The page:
Tag: Federal Reserve

A Vulgar Keynesian Visits My Chamber »

I heard a noise that seemed to come from my chamber door. I opened it, and then . . . Deep into that darkness peering, long I stood there wondering, fearing, Doubting, dreaming dreams some Austrians dared to dream before; But recession was unbroken, and the darkness gave no token, And the only words…
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Krugman’s Coin »

Paul Krugman has made a tongue-in-cheek proposal that has set tongues wagging—having the U.S. Treasury Department mint a $1 trillion platinum coin in order to circumvent the federal debt ceiling. Actually, Krugman was not the first to propose this solution he himself calls “silly” but he has given it wider exposure. In these weird…
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Unprecedented Household Deleveraging since 2007 »

For decades, American families espoused the not-quite-Cartesian ontology: I go into debt; therefore I am. Household debt climbed ever higher through good times and bad. Since the onset of the current recession, however, household debt has contracted substantially for the first time in more than half a century. After reaching a peak at $13.82…
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Krugman Attacks Us »

When Paul Krugman starts attacking us, we know we’re doing something right. John Maynard Keynes’s presumptive heir, Krugman apparently doesn’t like the findings of our recent book edited by Research Fellow David Beckworth, Boom & Bust Banking: The Causes and Cures of the Great Recession, exposing the profound fallacies of Lord Keynes’s love affair…
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The Fiscal Cliff and Policy Uncertainty »

In today’s issue of the Wall Street Journal, economics editor David Wessel has a useful column about policy uncertainty—worries about government spending, the expiration of provisions in the tax code, inflationary expectations, and the like—and its role in hampering economic growth by discouraging private investment. (The piece is available online to WSJ subscribers here.)…
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Crisis and Leviathan, 25th Anniversary Edition »

The Independent Institute is delighted to announce the publication of the 25th Anniversary Edition of Crisis and Leviathan: Critical Episodes in the Growth of American Government, by Independent Institute Senior Fellow Robert Higgs. First published in 1987, this classic work introduced to the reading public the notion that national crises—the Great Depression, the two…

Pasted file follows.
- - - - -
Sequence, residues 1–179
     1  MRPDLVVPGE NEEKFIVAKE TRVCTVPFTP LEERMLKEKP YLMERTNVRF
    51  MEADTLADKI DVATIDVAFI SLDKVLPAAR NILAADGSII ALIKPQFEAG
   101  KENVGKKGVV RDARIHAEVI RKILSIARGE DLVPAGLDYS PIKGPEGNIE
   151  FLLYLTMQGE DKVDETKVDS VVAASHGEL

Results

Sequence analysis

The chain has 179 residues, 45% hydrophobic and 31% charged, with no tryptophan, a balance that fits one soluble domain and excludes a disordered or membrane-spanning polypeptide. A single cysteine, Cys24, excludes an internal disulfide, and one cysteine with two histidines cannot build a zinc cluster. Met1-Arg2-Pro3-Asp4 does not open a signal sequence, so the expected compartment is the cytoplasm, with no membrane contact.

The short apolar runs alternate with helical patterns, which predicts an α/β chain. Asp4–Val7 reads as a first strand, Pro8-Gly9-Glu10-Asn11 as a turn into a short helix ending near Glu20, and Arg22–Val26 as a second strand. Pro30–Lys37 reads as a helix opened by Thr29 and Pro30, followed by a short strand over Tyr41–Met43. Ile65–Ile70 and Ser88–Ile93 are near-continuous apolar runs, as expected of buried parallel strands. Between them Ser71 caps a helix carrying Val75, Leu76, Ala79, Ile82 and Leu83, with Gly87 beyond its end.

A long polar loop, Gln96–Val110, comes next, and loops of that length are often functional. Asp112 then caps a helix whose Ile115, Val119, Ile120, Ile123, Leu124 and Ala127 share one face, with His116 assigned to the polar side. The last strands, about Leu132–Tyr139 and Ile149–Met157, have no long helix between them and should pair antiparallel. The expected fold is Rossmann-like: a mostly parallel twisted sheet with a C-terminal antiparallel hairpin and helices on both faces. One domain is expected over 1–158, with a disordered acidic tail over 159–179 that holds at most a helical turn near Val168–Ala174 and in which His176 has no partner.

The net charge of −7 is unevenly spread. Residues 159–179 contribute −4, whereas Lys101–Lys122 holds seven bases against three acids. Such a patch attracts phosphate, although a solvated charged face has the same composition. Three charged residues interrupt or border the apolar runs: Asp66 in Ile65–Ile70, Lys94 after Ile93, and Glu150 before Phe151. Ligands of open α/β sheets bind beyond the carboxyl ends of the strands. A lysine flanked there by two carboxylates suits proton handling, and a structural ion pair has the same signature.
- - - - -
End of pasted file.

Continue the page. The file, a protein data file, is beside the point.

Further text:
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Extraordinary Demand to Hold Cash—The Mystery Persists »

Since the fall of 2008, the Federal Reserve System has pumped an almost incomprehensibly large amount of reserves into the commercial banking system—about $1.4 trillion. In normal circumstances, this action would have given rise to hyperinflation. Of course, not only has no hyperinflation occurred, but scarcely any inflation at all has occurred, and policy…
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The Engine of Economic Growth Is Running, but Hardly at High Speed »

Real private fixed investment—the main driver of genuine economic growth—has recovered less than half of its loss between 2006 and 2010. As of the second quarter of this year, the amount of real private fixed (i.e., not including inventory) investment had barely recovered enough to exceed the low point it hit during the dot.com…
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QE3: An Example of Regulatory Capture »

One of Nobel Laureate George Stigler’s best-known articles is his “The Theory of Economic Regulation,” in which he argues that over time, regulatory agencies that are designed to regulate industries for the public interest become “captured” by the industries they are supposed to regulate. Stigler’s “capture theory of regulation” concludes that regulators end up…
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GM, QE3, and Crony Capitalism »

Yesterday on The Beacon I noted that the Federal Reserve’s new “quantitative easing” measure, QE3, is an example of crony capitalism: the use of public policy to increase the profitability of specific firms and industries. Today I want to compare QE3 with another example of crony capitalism to reinforce the point. General Motors provides…
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